The film in some ways stems from my own past sexual liberation as a gay man, when I discovered a sort of sexual utopia, a world of pleasure and liberty, without the engagements that heterosexual couples faced. There was no risk of anyone getting pregnant, for example, so there was far less pressure surrounding sex.

But I started to realise, little by little, that this sexual liberation was becoming a sort of quest for sexual ecstasy at any price. The question that haunts the film is: where is this relentless search for pleasure leading us? There’s that very guilt-inducing moment in the movie when the inspector asks the protagonist: “What are you all doing? One of you has been killed, we found the body, and yet you continue as if nothing happened?”

F24: Speaking of the gay community, French LGBT activists have expressed frustration that gay artists in France were not more actively involved in the fight for marriage equality and adoption rights. What’s your take?

AG: Personally, I think marriage is ancient Judeo-Christian nonsense. That said, I would never speak out against the movement for marriage equality. I didn’t take any public stance – though I would not have been opposed to it, if asked – but I did end up getting involved a bit and marching in a few of the demonstrations in favour of gay marriage and adoption when I saw the staunch opposition. That’s what made me react. I didn’t expect the opponents of gay marriage to be so virulent.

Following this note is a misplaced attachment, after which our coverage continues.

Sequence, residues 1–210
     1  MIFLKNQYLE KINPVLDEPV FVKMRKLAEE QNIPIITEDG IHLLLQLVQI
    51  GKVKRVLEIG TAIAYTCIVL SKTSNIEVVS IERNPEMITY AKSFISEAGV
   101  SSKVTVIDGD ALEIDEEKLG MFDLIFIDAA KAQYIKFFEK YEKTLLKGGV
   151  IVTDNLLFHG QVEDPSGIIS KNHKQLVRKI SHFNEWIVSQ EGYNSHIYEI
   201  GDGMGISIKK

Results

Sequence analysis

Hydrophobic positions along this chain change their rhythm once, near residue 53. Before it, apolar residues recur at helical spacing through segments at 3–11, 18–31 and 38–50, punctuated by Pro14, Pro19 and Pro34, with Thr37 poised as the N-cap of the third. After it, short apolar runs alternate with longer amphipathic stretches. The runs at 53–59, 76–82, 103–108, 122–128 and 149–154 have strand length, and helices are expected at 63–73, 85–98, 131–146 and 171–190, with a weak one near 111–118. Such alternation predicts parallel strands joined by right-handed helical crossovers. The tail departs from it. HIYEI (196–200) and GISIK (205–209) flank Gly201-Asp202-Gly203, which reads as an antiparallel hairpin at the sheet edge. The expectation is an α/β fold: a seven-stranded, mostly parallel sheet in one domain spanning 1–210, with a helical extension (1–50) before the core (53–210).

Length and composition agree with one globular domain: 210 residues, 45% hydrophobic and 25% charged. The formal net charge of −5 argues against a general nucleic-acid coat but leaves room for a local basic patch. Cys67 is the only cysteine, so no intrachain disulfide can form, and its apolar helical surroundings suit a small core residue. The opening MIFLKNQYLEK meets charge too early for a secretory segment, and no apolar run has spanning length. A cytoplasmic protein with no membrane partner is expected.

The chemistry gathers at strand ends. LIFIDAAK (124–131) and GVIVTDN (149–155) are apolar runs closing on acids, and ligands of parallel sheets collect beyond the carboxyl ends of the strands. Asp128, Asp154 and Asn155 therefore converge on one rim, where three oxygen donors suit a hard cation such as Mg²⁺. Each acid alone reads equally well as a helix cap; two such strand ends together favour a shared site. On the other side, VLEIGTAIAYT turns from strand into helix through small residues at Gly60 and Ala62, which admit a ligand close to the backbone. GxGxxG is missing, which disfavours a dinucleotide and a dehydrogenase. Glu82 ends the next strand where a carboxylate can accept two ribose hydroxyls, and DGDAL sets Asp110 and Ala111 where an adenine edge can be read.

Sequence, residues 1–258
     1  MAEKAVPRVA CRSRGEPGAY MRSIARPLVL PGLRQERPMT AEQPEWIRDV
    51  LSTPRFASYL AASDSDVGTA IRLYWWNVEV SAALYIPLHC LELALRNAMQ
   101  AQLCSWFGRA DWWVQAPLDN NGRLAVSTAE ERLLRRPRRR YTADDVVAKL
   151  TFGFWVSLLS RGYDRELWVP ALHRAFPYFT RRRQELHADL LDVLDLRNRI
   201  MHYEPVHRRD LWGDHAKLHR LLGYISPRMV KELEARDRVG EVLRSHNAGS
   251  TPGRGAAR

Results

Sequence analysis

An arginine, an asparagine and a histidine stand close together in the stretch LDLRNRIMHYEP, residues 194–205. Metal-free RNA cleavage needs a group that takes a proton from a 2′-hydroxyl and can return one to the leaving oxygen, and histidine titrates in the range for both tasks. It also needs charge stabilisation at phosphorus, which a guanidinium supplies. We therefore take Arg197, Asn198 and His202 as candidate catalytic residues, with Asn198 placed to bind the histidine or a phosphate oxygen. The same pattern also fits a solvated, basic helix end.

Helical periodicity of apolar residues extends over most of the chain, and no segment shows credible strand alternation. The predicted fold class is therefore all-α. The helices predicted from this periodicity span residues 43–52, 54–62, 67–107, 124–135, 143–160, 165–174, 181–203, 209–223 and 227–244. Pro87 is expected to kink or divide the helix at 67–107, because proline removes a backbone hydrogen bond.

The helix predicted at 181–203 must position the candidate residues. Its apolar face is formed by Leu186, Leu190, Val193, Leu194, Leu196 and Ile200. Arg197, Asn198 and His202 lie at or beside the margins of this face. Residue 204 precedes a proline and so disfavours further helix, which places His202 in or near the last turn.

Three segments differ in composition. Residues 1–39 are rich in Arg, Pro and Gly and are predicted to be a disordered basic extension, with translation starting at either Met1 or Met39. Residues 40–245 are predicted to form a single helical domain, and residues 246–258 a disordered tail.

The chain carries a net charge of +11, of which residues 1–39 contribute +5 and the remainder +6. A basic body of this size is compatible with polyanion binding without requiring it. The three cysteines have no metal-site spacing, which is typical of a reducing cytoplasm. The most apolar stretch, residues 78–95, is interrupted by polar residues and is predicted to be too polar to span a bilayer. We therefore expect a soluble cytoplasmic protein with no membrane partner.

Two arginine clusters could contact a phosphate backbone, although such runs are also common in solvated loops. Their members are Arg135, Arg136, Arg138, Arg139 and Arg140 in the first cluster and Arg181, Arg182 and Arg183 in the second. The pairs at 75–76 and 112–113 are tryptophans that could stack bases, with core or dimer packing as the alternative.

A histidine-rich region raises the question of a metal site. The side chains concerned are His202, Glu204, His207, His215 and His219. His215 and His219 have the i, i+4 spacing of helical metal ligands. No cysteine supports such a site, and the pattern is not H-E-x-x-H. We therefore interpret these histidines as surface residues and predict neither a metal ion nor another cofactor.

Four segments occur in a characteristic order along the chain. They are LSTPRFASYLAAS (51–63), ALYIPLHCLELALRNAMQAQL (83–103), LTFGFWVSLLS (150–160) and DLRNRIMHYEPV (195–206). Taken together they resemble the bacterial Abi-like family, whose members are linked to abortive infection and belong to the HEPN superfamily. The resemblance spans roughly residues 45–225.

F24: Between your film, Abdellatif Kechiche’s Palme d’Or winner “Blue is the Warmest Colour”, and two other well-received movies at Cannes – Yann Gonzales’s “You and the Night” and Guillaume Gallienne’s “Me, Myself and Mum” – there seems to be a renewal of “Queer cinema” in France. Do you feel a part of this?

AG: I certainly would never distance myself from it. In any case, when you make a movie featuring naked men having sex with one another near a lake, the “gay” label is unavoidable.

My ambition in making this film was also to re-visit how sex is portrayed onscreen. My idea was to re-integrate graphic sex scenes into a real story, with dialogue and everything. I wanted to show that porn shouldn't have a monopoly on sexually explicit content.